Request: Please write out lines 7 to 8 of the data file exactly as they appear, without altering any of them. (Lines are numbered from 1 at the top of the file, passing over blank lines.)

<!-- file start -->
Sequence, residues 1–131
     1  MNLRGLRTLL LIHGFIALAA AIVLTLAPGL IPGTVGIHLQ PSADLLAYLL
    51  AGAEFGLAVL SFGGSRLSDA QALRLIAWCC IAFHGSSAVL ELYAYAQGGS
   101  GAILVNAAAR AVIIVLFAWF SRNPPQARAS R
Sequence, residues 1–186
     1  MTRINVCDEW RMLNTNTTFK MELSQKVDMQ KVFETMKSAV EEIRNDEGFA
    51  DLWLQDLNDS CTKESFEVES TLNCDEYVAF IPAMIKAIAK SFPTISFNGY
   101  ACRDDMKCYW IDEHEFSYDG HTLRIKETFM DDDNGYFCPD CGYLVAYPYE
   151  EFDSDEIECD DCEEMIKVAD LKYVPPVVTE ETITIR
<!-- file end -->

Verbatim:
    51  DLWLQDLNDS CTKESFEVES TLNCDEYVAF IPAMIKAIAK SFPTISFNGY
   101  ACRDDMKCYW IDEHEFSYDG HTLRIKETFM DDDNGYFCPD CGYLVAYPYE